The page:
When: Jun 30 2021 @ 10:00 AM

Note: This is a virtual presentation. Here is the link for where the presentation will be taking place.
Title: Bio-Mimetic Sensory Mapping with Attention for Auditory Scene Analysis
Abstract: The human auditory system performs complex auditory tasks such as having a conversation in a busy cafe or picking the melodic line of a particular instrument in an ensemble orchestra, with remarkable ease. The human auditory system also exhibits the ability to effortlessly adapt to constantly changing conditions and novel stimulus. The human auditory system achieves these through complex neuronal processes. First the low dimensional signal representing the acoustic stimulus is mapped to a higher dimensional space through a series of feed-forward neuronal transformations; wherein the different auditory objects in the scene are discernible. These feed-forward processes are then further complemented by the top-down processes like attention, driven by the cognitive regions to modulate the feed-forward processes in a manner that shines the spotlight on the object of interest; the interlocutor in the example of a busy cafe or the instrument of interest in the ensemble orchestra.
In this work, we explore leveraging these mechanisms observed in the mammalian brain, within computational frameworks, for addressing various auditory scene analysis tasks such as speech activity detection, environmental sound classification and source separation. We develop bio-mimetic computational strategies to model the feed-forward sensory mapping processes as well as the corresponding complementary top-down mechanisms capable of modulating the feed-forward processes during attention.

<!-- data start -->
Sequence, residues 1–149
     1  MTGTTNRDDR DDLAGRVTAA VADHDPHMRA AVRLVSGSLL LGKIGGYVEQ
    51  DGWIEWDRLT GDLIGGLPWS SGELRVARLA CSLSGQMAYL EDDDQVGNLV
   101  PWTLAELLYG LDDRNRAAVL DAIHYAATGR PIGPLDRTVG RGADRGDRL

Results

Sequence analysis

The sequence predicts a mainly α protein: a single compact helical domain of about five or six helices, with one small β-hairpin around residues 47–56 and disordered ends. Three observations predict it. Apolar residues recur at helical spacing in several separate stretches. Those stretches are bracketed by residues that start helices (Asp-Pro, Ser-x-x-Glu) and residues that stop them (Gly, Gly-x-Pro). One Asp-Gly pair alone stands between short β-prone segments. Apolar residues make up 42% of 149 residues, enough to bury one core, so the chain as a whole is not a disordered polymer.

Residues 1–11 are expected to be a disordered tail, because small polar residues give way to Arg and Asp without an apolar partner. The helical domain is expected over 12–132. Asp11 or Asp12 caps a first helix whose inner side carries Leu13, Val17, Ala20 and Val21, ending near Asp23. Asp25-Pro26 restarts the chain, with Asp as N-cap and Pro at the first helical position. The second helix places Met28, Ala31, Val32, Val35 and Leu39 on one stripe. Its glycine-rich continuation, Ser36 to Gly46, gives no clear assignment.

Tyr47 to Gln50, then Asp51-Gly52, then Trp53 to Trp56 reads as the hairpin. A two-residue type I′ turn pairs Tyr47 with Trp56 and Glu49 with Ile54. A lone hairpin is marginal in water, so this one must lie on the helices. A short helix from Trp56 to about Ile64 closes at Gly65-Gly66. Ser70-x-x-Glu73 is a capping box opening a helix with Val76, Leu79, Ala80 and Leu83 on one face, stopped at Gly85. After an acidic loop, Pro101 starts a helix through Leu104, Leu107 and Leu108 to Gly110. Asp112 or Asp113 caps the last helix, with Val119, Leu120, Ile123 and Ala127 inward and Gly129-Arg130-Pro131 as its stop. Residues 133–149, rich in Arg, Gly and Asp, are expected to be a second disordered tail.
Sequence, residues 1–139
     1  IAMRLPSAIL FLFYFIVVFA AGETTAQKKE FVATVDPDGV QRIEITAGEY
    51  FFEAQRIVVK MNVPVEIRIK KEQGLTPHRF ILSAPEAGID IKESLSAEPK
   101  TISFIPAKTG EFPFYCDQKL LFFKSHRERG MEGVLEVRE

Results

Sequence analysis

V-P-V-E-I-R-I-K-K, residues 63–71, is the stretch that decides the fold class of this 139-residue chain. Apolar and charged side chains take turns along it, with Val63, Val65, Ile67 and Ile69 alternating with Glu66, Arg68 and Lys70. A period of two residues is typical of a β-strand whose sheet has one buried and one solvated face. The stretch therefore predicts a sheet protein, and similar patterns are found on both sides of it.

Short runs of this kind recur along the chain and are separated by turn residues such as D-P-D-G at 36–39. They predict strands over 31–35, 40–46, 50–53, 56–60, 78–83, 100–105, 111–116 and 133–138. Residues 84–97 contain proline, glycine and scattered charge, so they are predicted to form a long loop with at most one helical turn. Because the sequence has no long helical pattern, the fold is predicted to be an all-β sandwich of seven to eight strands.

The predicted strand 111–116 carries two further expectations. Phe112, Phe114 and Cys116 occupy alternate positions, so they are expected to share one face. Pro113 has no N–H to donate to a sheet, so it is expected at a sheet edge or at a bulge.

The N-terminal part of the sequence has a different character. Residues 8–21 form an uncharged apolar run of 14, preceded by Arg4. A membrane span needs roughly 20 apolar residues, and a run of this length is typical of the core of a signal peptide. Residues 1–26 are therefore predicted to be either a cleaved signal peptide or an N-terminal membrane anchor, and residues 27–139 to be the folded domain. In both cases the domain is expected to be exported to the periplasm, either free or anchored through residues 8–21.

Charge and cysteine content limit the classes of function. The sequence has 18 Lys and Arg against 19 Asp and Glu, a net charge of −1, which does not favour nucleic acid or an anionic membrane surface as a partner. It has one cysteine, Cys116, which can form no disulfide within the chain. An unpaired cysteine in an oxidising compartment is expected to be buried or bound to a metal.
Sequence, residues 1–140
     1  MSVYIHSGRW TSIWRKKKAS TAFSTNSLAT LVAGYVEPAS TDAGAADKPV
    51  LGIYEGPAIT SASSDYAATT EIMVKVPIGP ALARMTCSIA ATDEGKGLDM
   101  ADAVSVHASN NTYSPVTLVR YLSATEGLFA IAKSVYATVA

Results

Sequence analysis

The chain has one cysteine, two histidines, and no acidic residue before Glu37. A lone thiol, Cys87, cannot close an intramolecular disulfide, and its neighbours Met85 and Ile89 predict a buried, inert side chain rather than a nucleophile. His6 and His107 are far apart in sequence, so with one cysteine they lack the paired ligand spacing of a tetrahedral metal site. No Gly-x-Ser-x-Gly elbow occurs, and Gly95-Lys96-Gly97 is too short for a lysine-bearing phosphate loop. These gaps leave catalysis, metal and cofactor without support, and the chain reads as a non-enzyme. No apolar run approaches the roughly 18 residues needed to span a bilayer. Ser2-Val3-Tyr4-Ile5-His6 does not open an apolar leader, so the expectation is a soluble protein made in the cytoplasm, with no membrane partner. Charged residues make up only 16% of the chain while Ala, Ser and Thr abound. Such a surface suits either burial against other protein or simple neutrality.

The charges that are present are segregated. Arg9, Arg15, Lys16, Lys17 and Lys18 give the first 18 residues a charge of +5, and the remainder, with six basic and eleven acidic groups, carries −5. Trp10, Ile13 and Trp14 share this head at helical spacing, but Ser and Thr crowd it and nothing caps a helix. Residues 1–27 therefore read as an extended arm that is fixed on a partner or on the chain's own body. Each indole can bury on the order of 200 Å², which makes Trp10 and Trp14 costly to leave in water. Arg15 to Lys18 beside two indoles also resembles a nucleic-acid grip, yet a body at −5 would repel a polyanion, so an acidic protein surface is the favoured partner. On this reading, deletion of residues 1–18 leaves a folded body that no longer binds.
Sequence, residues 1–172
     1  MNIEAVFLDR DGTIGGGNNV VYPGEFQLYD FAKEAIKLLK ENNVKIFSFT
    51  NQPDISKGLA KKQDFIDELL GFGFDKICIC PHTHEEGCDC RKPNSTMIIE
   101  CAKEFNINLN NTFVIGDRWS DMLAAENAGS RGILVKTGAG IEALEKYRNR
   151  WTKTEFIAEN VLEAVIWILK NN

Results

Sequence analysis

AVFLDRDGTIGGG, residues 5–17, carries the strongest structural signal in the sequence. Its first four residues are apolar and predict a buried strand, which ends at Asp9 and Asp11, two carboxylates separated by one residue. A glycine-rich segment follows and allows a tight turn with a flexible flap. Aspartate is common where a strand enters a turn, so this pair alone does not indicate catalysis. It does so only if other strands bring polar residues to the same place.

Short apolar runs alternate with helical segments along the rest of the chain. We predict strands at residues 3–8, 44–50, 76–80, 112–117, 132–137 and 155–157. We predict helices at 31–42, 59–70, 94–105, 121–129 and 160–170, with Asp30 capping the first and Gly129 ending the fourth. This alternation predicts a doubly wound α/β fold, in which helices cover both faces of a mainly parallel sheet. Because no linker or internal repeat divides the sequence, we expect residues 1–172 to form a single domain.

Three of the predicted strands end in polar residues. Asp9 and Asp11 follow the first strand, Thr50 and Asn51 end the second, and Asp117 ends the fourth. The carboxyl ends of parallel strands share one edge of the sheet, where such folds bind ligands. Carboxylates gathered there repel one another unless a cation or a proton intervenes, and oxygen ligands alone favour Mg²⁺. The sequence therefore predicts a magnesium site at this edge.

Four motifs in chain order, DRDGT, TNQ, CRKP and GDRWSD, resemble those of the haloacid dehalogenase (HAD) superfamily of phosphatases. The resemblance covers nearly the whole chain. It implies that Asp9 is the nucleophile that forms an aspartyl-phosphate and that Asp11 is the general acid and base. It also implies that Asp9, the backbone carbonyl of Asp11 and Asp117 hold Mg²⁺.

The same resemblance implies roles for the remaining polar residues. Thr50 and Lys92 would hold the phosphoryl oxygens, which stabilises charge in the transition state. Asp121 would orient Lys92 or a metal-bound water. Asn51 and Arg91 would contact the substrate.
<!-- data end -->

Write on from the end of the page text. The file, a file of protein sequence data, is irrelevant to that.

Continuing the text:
In the first part of this work, we show using Gabor filters as an approximation for the feed-forward processes, that retuning the feed-forward processes under top-down attentional feedback are extremely potent in enabling robust behavior in detecting speech activity. We introduce the notion of memory to represent prior knowledge of the acoustic objects and show that memories of objects can be used to deploy the necessary top-down feedback. Next, we expand the feed-forward processes using data-driven distributed deep belief system consisting of multiple streams to capture the stimulus from different spectrotemporal resolutions, a feature observed in the human auditory system. We show that such a distributed system with inherent redundancies, further complemented by top-down attentional mechanisms using distributed object memories allow for robust classification of environmental sounds in mismatched conditions. Finally, we show that incorporating the ideas of distributed processing and attentional mechanisms using deep neural networks leads to state-of-the-art performance for even complex tasks such as source separation. Further, we show that in such a distributed system, the sum of the parts are better than the individual parts and that this aspect can be used to generate real-time top-down feedback; which in turn can be used to adapt the network to novel conditions during inference.
Overall, the results of the work show that leveraging theses biologically inspired mechanisms within computational frameworks lead to enhanced robustness and adaptability to novel conditions, traits of the human auditory system that we sought to emulate.
Committee Members
Mounya Elhilali, Department of Electrical and Computer Engineering
Najim Dehak, Department of Electrical and Computer Engineering
Rama Chellappa, Department of Electrical and Computer Engineering